This had all the makings of a monster spring for Huntley Project junior Noah Bouchard.
As a sophomore, Bouchard was a key piece in the Red Devils' dominant two-day performance, as Project set the Class B scoring record at the State B track and field meet in Kalispell. Bouchard finished second in the 110-meter hurdles to record-breaking teammate Bradley Graves, fifth in the long jump, and he won the State B high jump title with a jump of 6 feet, 8 inches.
It was only toward the end of the season that Bouchard really began to realize his potential. That's when he began to turn his sights towards the State B high jump record of 6-09, set in 1986 by Whitehall's Darby Jones.
"In Miles City when I hit my highest jump and saw how high I was in the standings, I knew it was time to take it serious," Bouchard said of his jump of 6-08 to win the John Polich Invitational in early May of 2019.
Instead of chasing state records, Bouchard has been relegated to video games and workouts on his own due to the ongoing coronvirus pandemic and the cancellation of the spring sports season. Time playing Minecraft, NBA 2K and Call of Duty have been intertwined with physical activities, such as pumping iron in a makeshift weightroom in his garage, or trekking his way two blocks to Huntley Project High School to shoot on the hoops outside.
Bouchard has also attended track and field camps throughout the summer, such as the State Games World Record Track & Field Camp, where high jump legend Dick Fosbury was coaching.
Putting in time in the offseason isn't anything new for Bouchard, though. After spending his junior high years in Billings, his parents moved to Melstone for Bouchard's freshman year. Playing basketball under coach Jason Grebe left an impact on Bouchard that he's held on to during his last two years at Huntley Project.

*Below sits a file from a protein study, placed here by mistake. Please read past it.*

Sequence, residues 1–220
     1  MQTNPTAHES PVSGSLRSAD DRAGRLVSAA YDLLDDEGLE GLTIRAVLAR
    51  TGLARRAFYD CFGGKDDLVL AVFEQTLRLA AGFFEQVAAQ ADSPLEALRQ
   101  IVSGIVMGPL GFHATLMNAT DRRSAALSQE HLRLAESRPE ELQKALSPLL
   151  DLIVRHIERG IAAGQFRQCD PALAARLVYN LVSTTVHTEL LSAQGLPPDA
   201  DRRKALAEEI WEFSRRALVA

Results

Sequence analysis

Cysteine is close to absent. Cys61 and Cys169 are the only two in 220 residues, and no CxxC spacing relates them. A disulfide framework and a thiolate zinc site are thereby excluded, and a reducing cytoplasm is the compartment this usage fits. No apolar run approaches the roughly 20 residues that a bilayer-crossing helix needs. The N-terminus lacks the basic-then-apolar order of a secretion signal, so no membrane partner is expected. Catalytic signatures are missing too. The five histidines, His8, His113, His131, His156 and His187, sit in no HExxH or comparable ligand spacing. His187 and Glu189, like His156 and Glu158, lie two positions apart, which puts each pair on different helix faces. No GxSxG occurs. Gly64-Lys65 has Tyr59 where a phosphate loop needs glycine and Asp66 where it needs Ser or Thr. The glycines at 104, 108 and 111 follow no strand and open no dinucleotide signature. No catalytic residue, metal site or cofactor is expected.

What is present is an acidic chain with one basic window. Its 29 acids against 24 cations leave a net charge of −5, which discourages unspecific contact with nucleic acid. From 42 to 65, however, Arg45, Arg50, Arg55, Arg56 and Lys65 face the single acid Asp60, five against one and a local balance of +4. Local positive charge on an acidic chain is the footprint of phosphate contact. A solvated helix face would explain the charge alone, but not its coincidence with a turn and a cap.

"They had a pretty good thing going over there at the time," Bouchard said of his freshman year at Melstone. "(Grebe) pushed us to work really hard. He did push that you need a good work ethic. That pays off on a lot of different things."
It was evident this winter when Bouchard blossomed on the basketball floor. The 6-foot-7 junior became one of Class B's most dynamic two-way players en route to his second consecutive first-team all-conference selection and first all-state honor.
The basketball season ended on a sour note, as Huntley Project was bounced from the Southern B divisional tournament by district rival Columbus, keeping the Red Devils from the State B tournament. Bouchard's had enough disappointment in the past two months to motivate him for next year.
"That's what we were saying all year, is 'When we get to state. When get go.' Not, 'We still have to make it,'" Bouchard said. "Just put in more work. Losing our seniors, all of us have to put in more work to fill the missing pieces. Just have a better mindset and not overlooking anything. Take every game seriously.”
Bouchard's basketball exploits have led him to be in contact with Montana State University, but the offers on the hoops side will likely flow in during what should be a standout senior season. Those offers have already come in on the track, though.
Bouchard's remarkable sophomore track season caught the attention of some big-time college programs. Schools such as North Carolina, Texas Tech, Arizona State and Nebraska, among others, have already been in contact with Bouchard. Despite what looks like a limitless ceiling on the hardwood, it's easy to see why Bouchard is leaning toward the spikes.
“For now, I would like to go in both, but if I can’t ultimately I’m probably going to go in track because I can get in to a better school," Bouchard said.
Bouchard's already put up some impressive performances on the track, but he aspires to etch his name in Montana's record books.
"This year I was hoping to break 7 (feet)," Bouchard said. "That was my main goal. Not even the (all-class) state record. This year was just if I can break 7-00, that's definitely opening a lot of doors for colleges. Then I was hoping to go for 7-02 for the state record."
Bouchard is already on state record watch.